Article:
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Opening the entire research cycle

Since the birth of the open access movement in 2002, demands for greater openness and transparency in the research process have both grown and broadened. Today there are calls not just for OA to research papers, but (amongst other things) to the underlying data, to peer review reports, and to lab notebooks. We have also seen a new term emerge to encompass these different trends: open science. In response to…

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Too much open access is in the dark

One of the inconvenient truths that the OA movement prefers not to discuss is the fact that a large amount of the content in the circa 4,125 institutional repositories created by research institutions in order to provide open access to their research output is not actually freely available but on “dark deposit”, or otherwise inaccessible. In other words, it is not open access. There are several reasons for this. First,…

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Testing open peer review at Collabra

Earlier this year University of California Press (UC Press) launched a new open access mega journal called Collabra. One of the distinctive features of Collabra is that its authors can choose to have the peer review reports signed by the reviewers and published alongside their papers, making them freely available for all to read — a process usually referred to as open peer review. Since Collabra is offering open peer…

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The dark side of open access

Contrary to what one might expect, not all the items in open access repositories are publicly available. Estimates of the percentage of the content in repositories that is not in fact open access tend to range from around 40% to 60%. This will include bibliographic records containing only metadata, plus full-text documents that have been placed on “dark deposit” — i.e., documents that are present in the repository but not…

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UNESCO on the global future of open access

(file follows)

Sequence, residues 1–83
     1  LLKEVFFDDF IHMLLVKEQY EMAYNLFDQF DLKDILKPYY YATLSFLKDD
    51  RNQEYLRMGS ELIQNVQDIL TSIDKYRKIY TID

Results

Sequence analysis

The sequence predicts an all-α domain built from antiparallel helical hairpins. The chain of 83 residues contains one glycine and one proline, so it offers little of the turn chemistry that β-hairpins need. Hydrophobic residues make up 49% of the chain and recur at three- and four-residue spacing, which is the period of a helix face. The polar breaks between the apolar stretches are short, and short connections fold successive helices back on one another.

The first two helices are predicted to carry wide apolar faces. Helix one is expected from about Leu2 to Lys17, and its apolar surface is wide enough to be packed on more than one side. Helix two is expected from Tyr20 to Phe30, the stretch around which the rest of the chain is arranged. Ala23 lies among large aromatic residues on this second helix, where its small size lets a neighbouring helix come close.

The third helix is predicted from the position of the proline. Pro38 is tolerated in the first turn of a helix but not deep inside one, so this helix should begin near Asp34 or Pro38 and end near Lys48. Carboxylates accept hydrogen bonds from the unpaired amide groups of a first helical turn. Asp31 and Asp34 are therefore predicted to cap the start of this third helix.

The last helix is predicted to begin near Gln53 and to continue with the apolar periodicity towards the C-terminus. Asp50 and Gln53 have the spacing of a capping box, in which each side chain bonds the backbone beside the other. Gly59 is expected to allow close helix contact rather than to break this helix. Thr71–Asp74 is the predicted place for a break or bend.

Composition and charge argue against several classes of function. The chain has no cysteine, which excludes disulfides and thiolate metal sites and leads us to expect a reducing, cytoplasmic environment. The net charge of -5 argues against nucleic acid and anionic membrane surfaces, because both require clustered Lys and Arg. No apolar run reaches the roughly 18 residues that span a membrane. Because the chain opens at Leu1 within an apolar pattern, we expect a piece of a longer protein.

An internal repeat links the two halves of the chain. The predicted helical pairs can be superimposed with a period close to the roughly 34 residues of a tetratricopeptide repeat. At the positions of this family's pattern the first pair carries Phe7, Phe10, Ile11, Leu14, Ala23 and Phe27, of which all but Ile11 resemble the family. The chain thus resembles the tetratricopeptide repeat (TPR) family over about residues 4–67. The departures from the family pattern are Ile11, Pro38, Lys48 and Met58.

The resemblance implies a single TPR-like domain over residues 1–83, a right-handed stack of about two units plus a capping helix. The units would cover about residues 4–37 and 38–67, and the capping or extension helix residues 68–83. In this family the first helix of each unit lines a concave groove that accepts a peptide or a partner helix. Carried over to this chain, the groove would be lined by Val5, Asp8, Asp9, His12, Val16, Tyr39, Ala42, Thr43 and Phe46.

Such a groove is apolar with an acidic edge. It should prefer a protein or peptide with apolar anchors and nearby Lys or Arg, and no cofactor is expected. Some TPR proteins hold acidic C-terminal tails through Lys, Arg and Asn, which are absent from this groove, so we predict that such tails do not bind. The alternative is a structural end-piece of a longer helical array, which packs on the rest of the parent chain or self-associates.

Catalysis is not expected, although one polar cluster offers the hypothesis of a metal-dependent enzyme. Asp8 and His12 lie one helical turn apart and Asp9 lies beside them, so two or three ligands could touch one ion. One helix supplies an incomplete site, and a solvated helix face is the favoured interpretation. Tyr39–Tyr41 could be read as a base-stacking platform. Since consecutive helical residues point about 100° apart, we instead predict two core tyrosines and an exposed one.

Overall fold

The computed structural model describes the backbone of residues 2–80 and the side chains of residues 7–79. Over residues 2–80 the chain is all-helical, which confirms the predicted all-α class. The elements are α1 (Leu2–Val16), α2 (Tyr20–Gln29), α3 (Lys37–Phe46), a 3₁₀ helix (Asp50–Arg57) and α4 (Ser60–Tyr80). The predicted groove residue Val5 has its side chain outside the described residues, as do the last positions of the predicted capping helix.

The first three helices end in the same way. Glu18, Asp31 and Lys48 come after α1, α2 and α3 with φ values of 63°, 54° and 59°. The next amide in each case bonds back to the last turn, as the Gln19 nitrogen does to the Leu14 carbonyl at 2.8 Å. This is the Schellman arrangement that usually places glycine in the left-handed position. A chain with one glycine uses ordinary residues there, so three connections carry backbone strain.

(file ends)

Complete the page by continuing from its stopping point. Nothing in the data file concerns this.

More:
The mission of UNESCO, which was founded in 1945, is to “contribute to the building of peace, the eradication of poverty, sustainable development and intercultural dialogue through education, the sciences, culture, communication and information.” An important plank in that mission is a commitment to help build inclusive and equitable knowledge societies. We should not be surprised, therefore, that UNESCO supports the Open Access movement, we should not be surprised that…

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Are hybrid journals double dipping?

For the past several decades the research community has been bedevilled with the so-called serials crisis, the phenomenon by which the cost of scholarly journals continues to rise at an unsustainable rate. One of the most significant responses to this affordability problem was the open access (OA) movement, which in 2002 coalesced around the Budapest Open Access Initiative. Open access publishing, OA advocates have always argued, will be cheaper, and…

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Open access: Copyrighted materials not welcome?

Paul Royster is proud of what he has achieved with his institutional repository. Currently, it contains 73,000 full-text items, of which more than 60,000 are freely accessible to the world. This, says Royster, makes it the second largest institutional repository in the US, and it receives around 500,000 downloads per month, with around 30% of those going to international users. Unsurprisingly, Royster always assumed that he was in the vanguard…

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Mandating a solution to journal affordability and accessiblity

Dating from 1665, the scholarly journal has served the research community well for over 300 years. In the past few decades, however, the subscription model it utilises has created a couple of apparently intractable problems—what we will call the affordability and accessibility problems. The affordability problem has its roots in the dramatic growth in research after World War II, a problem made worse by the constant above-inflation increases in the…

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